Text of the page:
Bay-Friendly Tips

Take These Bay-Friendly Actions to Protect and Improve Narragansett Bay

In Your Home & Backyard

Lawn fertilizer, household waste, and even our own beloved pets can be major sources of pollution to Narragansett Bay. With a few simple actions in your home and yard, you can save yourself money and time, while also saving water and preventing water pollution to our rivers, ponds, marshes and Bay.

Learn more >>

Storm drain marker volunteers

In Your Neighborhood

It takes a village to keep our drinking waters clean and our Bay swimmable, fishable and healthy. You can make a big difference for clean water in your neighborhood, town and state in many big and small ways.

Learn more >>

Fishing Boat

On The Water

We’d love to see a Narragansett Bay that’s fully swimmable, fishable, healthy, and accessible to everyone. And all who enjoy our local waters—whether that’s in it, on it, or around it— can help keep it clean by practicing a few simple, responsible tips.

Learn more >>

Did you know?

  • You can give your grass up to one-third of its nutrient needs by leaving clippings on the lawn?
  • Longer grass is healthier than shorter grass?
  • Most lawns down need irrigation and naturally survive droughts by doing dormant in the summer?
  • Fertilizer from your yard can pollute local waters?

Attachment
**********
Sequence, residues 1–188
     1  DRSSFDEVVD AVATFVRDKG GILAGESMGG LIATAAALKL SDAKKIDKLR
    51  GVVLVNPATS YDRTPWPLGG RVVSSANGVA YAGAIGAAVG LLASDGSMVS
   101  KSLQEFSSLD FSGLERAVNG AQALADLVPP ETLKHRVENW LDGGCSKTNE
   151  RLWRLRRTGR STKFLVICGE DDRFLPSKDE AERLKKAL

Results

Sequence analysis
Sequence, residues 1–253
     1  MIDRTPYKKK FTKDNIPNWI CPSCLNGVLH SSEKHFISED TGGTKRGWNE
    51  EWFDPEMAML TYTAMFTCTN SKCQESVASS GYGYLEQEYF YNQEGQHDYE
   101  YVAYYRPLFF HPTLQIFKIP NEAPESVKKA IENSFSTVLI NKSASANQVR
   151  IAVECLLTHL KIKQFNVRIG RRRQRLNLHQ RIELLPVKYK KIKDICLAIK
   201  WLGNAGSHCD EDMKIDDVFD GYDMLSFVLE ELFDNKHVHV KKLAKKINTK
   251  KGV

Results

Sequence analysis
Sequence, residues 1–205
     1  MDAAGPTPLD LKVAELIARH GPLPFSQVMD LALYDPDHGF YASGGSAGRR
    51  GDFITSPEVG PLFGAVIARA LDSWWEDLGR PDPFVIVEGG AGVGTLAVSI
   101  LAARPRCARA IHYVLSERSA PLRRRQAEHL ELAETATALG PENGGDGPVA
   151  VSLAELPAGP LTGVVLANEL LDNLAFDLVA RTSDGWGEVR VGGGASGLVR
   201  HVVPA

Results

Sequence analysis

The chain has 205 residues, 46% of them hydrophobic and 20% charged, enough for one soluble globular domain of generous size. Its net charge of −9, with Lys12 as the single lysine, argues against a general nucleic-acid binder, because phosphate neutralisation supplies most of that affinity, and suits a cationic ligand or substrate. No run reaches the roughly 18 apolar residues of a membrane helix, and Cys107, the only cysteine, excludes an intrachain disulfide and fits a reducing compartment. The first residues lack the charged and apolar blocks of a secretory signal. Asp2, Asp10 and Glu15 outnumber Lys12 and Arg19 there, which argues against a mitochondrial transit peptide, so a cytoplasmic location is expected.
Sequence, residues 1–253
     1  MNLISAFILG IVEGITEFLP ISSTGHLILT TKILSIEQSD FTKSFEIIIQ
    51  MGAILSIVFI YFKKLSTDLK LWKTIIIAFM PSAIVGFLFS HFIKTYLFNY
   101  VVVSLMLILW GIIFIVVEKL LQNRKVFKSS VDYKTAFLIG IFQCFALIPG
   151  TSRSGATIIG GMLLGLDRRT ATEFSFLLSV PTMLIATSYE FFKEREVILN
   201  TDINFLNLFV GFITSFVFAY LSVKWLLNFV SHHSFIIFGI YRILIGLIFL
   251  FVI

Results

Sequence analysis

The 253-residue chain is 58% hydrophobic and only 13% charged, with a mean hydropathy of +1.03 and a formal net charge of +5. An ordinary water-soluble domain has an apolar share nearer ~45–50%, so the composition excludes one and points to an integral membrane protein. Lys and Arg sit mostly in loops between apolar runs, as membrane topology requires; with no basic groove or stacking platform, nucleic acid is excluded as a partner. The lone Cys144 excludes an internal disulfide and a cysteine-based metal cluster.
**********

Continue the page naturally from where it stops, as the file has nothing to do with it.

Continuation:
• It’s illegal to feed ducks and geese in Rhode Island?
  • One goose can produce up to a pound of poop per day?
  • Dog and goose poop that washes off the land is a leading cause of beach closures?
  • Volunteers collected 16,484 pounds of trash from RI beaches on a single day in 2017?
  • Even miles from the shoreline, everything that goes down a storm drain finds its way to our local waters.
  • Dog poop can take over one year to decay. Bacteria and parasites in dog poop can linger in the soil and seep into groundwater.
  • One tiny gram of dog poop contains 23 million coliform bacteria. It can also transmit e.coli. salmonella, parvo, and tapeworms.

Report pollution when you see it

Water ReporterThe Water Reporter App is the perfect way to let Save The Bay know when there’s a problem in our local waters. You can be our eyes and noses across the watershed. So if you see or smell anything that might be pollution, snap a photo, write a caption and send it to us on Water Reporter.

Available on the App StoreGet it on Google Play

Hold your own shoreline cleanup

Clean Swell AppThe Clean Swell App lets volunteers upload important cleanup data in real-time to the world’s largest marine debris database. This database is used by scientists, conservation groups, governments and industry leaders to study ocean trash and take action to ensure trash never reaches our beaches.

Available on the App StoreGet it on Google Play

Report flooding and storm surges

My Coast Logo

The MyCoast App lets you upload pictures that capture the highest tides, show storm damage and erosion and record localized flooding. By recording these events, you’ll help decision-makers, emergency managers and others make better decisions about how to protect our coastal communities and assets.

Available on the App StoreGet it on Google Play

Stay Informed